Staff Publications

Staff Publications

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    'Staff publications' is the digital repository of Wageningen University & Research

    'Staff publications' contains references to publications authored by Wageningen University staff from 1976 onward.

    Publications authored by the staff of the Research Institutes are available from 1995 onwards.

    Full text documents are added when available. The database is updated daily and currently holds about 240,000 items, of which 72,000 in open access.

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Record number 400361
Title Population dynamics under increasing environmental variability: implications of climate change for ecological network design criteria
Author(s) Verboom, J.; Schippers, P.; Cormont, A.; Sterk, M.; Vos, C.C.; Opdam, P.F.M.
Source Landscape Ecology 25 (2010). - ISSN 0921-2973 - p. 1289 - 1298.
Department(s) CL - Ecological Models and Monitoring
Land Use Planning
Environmental Systems Analysis Group
CL - Ecological Networks
Nature Conservation and Plant Ecology
Landscape Centre
Publication type Refereed Article in a scientific journal
Publication year 2010
Keyword(s) klimaatverandering - biodiversiteit - habitatverbindingszones - vogels - climatic change - biodiversity - habitat corridors - birds - key-patch approach - habitat fragmentation - landscape - metapopulation - conservation - fluctuations - persistence - ranges
Categories Climatic Change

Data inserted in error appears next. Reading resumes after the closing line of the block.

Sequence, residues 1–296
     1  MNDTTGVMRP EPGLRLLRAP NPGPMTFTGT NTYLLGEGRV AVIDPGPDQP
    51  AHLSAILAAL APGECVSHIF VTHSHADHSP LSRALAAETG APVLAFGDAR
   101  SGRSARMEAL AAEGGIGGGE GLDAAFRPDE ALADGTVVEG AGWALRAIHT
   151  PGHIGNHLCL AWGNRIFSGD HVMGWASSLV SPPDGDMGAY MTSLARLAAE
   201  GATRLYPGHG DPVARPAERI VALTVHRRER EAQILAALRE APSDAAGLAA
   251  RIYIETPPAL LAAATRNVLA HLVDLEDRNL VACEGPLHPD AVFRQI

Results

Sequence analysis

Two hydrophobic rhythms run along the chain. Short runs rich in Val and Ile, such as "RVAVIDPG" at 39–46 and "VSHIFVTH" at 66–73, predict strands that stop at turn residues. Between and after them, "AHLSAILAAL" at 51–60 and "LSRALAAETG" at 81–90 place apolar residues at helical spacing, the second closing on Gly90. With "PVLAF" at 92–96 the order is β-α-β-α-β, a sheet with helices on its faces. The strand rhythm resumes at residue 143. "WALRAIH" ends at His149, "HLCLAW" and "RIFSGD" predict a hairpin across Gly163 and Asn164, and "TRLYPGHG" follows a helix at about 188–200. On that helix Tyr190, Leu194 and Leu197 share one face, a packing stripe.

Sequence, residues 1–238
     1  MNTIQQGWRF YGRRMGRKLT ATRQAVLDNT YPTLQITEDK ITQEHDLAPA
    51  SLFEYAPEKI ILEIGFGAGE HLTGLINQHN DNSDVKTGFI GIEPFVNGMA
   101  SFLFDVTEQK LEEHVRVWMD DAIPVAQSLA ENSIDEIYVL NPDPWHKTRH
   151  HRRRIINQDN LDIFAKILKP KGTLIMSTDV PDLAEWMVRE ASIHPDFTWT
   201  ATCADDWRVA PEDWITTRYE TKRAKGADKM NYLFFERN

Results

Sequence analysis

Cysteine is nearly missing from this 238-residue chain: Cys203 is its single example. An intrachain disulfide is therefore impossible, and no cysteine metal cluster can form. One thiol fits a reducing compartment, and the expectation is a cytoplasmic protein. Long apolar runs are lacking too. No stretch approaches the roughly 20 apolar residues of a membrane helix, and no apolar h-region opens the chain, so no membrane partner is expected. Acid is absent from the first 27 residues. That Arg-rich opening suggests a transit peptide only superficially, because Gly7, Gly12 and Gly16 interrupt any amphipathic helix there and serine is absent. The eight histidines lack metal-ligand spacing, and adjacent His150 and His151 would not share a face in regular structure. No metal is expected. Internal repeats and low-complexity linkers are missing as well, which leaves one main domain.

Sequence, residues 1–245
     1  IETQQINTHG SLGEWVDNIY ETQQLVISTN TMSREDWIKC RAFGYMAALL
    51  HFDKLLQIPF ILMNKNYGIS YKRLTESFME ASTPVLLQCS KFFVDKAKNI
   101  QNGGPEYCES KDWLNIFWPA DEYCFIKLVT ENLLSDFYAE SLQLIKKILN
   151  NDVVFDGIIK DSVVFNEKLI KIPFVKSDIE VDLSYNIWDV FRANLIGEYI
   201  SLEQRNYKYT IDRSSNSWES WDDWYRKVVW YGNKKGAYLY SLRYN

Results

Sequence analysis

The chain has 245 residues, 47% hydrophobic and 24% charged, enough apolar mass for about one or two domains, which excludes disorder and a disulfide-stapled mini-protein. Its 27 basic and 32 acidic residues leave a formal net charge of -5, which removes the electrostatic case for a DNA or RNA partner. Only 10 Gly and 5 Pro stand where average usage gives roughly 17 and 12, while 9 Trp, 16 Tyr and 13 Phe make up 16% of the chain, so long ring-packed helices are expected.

Abstract There is growing evidence that climate change causes an increase in variation in conditions for plant and animal populations. This increase in variation, e.g. amplified inter-annual variability in temperature and rainfall has population dynamical consequences because it raises the variation in vital demographic rates (survival, reproduction) in these populations. In turn, this amplified environmental variability enlarges population extinction risk. This paper demonstrates that currently used nature conservation policies, principles, and generic and specific design criteria have to be adapted to these new insights. A simulation shows that an increase in variation in vital demographic rates can be compensated for by increasing patch size. A small, short-lived bird species like a warbler that is highly sensitive to environmental fluctuations needs more area for compensation than a large, long-lived bird species like a Bittern. We explore the conservation problems that would arise if patches or reserve sizes would need to be increased, e.g. doubled, in order to compensate for increase in environmental variability. This issue has serious consequences for nature policy when targets are not met, and asks for new design criteria.
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